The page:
“The Roman Catholic Woman Priests movement is made up of a majority of cisgender women—and there have been a lot of conversations, some difficult, in my time with them,” Pacyniak says. For example, Mary Magdalene pastor emerita Jane Via confessed to the San Diego Tribune, “I’m struggling to refer to Kori as ‘they.’ When there is a single person and we know that is just one person, well, I’ve never used the word ‘they’ for a single person. I know Kori gets frustrated with me at times.” Pacyniak’s tongue-in-cheek response: “This is hard? Learning to spell my last name as a child was hard.”

At Pacyniak’s suggestion, a regular liturgical line at Mary Magdalene—“We believe that all women and men are created in God’s image”—was changed to “all people of all genders are created in God’s image,” in deference to nonbinary worshippers.

A Strong Faith

Pacyniak’s time at the School of Theology followed Barack Obama’s repeal of the military’s “Don’t ask, Don’t tell” policy regarding enlistees’ sexual orientation. Pacyniak studied LGBTQIA+ military ministry with Shelly Rambo, a School of Theology associate professor of theology, who created the school’s track for training chaplains, military and otherwise.

“When Kori first came to STH, they were one of few scholars concerned about addressing the spiritual needs of transgender military personnel,” says Rambo. “Kori is driven by a hope that God’s embrace is wider than any human institution. I delight in seeing them robed—clergy robes and stoles—and recognized for the gifts that they bring and for their testimony to that wide embrace.”

“My time at BU helped me examine the way trauma and moral injury function in our societies and in our religious organizations, and our theologies,” Pacyniak says. “STH gave me a passion for making sure my academic work is not separate from the world, but integrated into it.”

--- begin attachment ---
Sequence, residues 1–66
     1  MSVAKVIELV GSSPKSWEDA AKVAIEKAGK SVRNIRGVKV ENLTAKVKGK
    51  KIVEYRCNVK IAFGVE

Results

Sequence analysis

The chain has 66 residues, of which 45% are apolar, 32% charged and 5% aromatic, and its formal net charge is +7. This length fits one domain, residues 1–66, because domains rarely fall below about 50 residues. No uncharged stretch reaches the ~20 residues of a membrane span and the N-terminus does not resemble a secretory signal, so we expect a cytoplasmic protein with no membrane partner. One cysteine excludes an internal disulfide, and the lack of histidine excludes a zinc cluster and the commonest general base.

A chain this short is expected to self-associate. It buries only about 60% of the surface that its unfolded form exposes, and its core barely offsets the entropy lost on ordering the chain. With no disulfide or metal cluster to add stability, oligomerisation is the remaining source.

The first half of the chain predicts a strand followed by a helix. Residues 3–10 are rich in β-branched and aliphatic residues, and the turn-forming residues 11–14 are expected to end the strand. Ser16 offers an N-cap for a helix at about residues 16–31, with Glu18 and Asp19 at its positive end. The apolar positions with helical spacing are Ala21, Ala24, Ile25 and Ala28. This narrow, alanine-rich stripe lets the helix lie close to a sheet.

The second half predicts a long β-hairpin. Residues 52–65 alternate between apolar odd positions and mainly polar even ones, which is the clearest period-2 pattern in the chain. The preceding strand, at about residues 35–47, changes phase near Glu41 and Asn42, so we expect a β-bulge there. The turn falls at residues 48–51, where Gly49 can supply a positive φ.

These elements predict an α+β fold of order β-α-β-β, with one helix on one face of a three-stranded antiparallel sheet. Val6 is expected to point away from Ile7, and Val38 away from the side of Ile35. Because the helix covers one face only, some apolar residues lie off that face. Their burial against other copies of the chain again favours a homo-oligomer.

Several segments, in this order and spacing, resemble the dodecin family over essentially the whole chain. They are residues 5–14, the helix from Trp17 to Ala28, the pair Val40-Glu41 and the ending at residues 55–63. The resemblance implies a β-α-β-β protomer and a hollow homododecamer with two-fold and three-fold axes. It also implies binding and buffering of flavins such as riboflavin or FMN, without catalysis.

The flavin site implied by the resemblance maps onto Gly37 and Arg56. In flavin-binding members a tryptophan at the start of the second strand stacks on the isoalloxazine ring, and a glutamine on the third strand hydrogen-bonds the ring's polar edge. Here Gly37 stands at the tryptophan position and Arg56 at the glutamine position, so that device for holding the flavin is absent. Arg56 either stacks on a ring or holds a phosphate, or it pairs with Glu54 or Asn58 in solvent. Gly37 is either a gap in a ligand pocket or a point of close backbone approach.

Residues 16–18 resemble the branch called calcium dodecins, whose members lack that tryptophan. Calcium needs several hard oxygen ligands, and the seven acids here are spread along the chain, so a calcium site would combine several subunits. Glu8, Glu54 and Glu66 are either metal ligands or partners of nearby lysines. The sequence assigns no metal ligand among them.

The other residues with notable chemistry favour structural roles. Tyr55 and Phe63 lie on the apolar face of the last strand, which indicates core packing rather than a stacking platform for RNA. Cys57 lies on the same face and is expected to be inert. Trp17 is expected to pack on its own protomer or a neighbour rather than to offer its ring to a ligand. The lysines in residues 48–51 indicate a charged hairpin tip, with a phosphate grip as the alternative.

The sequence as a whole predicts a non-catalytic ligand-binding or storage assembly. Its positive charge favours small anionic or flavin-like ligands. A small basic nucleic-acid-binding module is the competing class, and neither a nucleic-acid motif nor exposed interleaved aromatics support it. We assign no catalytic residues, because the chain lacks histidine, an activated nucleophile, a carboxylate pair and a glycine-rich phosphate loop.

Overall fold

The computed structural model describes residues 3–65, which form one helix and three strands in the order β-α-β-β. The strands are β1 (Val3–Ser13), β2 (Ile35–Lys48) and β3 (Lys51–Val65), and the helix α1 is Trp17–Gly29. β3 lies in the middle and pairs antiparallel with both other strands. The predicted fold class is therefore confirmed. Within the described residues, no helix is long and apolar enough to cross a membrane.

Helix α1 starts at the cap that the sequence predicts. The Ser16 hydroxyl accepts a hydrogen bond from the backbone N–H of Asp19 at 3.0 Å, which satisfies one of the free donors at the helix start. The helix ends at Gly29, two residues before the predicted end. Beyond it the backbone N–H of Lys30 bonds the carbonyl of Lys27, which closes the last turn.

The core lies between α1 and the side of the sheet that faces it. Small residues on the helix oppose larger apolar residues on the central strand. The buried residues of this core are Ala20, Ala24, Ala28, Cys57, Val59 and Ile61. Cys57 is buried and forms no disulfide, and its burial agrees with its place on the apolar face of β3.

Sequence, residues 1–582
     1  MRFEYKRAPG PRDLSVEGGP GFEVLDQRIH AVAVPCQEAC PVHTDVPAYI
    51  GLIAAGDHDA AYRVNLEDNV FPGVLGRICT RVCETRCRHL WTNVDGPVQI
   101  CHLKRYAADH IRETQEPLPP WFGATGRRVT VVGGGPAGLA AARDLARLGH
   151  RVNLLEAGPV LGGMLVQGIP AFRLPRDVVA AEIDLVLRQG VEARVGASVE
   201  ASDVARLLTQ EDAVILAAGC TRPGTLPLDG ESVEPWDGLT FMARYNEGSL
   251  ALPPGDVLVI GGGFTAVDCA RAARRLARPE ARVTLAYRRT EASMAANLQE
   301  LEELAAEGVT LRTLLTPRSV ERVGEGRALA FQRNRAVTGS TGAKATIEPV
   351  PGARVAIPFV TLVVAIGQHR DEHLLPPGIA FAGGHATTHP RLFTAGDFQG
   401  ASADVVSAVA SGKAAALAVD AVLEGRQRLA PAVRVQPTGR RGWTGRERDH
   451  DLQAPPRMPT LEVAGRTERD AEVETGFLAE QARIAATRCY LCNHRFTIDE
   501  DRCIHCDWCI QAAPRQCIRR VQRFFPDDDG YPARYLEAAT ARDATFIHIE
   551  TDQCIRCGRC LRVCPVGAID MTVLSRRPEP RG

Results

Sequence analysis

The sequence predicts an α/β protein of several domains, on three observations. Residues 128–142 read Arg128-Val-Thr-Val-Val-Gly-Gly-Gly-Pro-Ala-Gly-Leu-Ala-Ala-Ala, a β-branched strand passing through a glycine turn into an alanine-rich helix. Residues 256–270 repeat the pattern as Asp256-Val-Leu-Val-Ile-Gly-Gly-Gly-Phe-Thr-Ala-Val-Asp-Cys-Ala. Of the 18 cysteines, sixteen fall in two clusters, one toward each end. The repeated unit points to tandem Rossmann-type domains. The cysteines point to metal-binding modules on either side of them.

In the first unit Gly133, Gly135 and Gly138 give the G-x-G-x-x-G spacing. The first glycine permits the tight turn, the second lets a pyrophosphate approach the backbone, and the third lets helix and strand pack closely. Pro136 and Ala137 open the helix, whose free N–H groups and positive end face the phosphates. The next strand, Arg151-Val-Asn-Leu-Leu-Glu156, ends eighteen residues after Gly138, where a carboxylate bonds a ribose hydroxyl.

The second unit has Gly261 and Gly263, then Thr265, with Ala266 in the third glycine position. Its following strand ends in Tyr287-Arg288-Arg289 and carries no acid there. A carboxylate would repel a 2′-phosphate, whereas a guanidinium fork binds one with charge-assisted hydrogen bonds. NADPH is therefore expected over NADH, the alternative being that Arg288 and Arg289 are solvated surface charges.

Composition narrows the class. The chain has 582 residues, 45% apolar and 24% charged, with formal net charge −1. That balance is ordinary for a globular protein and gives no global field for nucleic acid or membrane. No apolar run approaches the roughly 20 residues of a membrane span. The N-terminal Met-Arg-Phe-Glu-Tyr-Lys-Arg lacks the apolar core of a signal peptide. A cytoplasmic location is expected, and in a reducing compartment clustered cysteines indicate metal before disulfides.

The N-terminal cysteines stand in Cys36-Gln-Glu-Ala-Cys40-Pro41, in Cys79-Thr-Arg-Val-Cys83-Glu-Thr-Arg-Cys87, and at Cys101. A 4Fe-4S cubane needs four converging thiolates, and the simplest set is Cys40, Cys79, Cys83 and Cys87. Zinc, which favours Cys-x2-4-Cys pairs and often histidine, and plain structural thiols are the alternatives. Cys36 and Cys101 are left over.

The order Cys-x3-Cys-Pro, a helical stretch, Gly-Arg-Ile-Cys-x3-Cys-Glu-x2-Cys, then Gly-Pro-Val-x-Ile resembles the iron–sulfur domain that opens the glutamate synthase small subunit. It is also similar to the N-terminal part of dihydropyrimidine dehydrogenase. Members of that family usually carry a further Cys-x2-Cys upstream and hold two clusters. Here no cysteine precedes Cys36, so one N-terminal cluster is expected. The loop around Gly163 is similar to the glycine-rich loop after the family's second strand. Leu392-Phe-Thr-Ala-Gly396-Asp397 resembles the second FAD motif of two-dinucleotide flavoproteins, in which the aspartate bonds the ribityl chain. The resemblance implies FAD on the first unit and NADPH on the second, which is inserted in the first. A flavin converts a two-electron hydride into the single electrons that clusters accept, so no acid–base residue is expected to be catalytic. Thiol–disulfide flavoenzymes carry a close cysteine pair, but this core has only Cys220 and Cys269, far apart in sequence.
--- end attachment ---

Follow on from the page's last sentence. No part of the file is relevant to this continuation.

Photo of Kori Pacyniak being ordained. They kneel in front of two female priests in red robes. One rests her hands on Kori's head.
Photo by Mark Phillips

That work includes helping everyone—Women Priests, the canonical Catholic Church, and other denominations—affirm transgender people. “Just because a church or denomination ordains transgender people,” Pacyniak says, “doesn’t mean its leaders and communities are always affirming or educated on trans issues.”

Which raises a question about the institutional church: why remain Catholic in a church that doesn’t validate your ordination or your identity? 

Pacyniak long ago threw off the temptation of many lapsed Catholics to join the Episcopal Church, with a similar liturgy but a more progressive take on gender and ordination.

“Being Catholic is so much more to me than just membership within the Roman Catholic Church,” they say. “It has to do with identity, ritual, and spirituality. I think the Church is a human institution that can and has changed over time, and I hope that it will move toward full inclusion of LGBTQIA2S+ [Lesbian, Gay, Bisexual, Transgender, Queer and/or Questioning, Intersex, Asexual, Two-Spirit] persons in all the sacraments. I also don’t intend to allow the Vatican or the institutional Church to take my faith identity away from me.

“I would hope that my experience makes it a little easier for those who come after me. I think there are so many amazing, talented transgender people who are called to serve churches where their gender precludes that, and it’s truly a shame when churches and church leaders refuse to acknowledge a person’s gifts and talents because of their gender identity.”

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Kori Pacyniak and the Women Priests Push for Changes in the Church

  • Rich Barlow

    Senior Writer

    Rich Barlow

    Rich Barlow is a senior writer at BU Today and Bostonia magazine. Perhaps the only native of Trenton, N.J., who will volunteer his birthplace without police interrogation, he graduated from Dartmouth College, spent 20 years as a small-town newspaper reporter, and is a former Boston Globe religion columnist, book reviewer, and occasional op-ed contributor. Profile